The Australian’s affinity for nature began when he was a boy noticing that patterns made by swimming fishes mimicked the shape of seaweed mingling with waves.
The science of the whirlpool is, in fact, omnipresent in nature, from unfolding flowers to echoing seashells. And as if borrowing from nature, its traces can also be widely found in the human body.
As Harman explains, “Heart muscles are in the shape of whirlpools, and when we breathe in and out, it is in the shape of whirlpools.” Even our skin pores are evidence of whirlpool wonders working.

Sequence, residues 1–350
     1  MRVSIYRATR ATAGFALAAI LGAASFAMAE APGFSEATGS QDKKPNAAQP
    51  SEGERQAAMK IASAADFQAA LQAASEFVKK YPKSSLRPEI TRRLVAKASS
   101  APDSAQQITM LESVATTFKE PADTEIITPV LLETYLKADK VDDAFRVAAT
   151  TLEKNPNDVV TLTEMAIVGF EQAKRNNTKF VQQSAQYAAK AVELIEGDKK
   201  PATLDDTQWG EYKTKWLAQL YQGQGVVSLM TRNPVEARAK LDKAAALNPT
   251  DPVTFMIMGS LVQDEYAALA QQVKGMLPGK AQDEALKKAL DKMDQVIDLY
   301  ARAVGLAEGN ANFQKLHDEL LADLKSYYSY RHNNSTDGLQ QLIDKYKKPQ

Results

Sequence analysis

The award-winning founder and chairman of PAX Scientific dedicated two decades of his life to perfecting the world's first frozen whirlpool in order to transform his lifelong passion into a mélange of industrial equipment and inventions, from plane engines’ afterburners to user-friendly tech for measuring blood glucose.
He advocates biomimicry, an increasingly vital part of engineering, it uses nature as a role model for developing sustainable technology — before environmental damage becomes irreversible.
His book The Shark’s Paintbrush, published in 2013, is a guide for the public on biomimicry, which Harman believes represents the way forward.
“The way to be curious and to go forth in a sustainable, less messy way, is to use nature as mentor,” he says. “We have the intellectual capacity and the curiosity to evolve beyond where we are now to a brighter future.”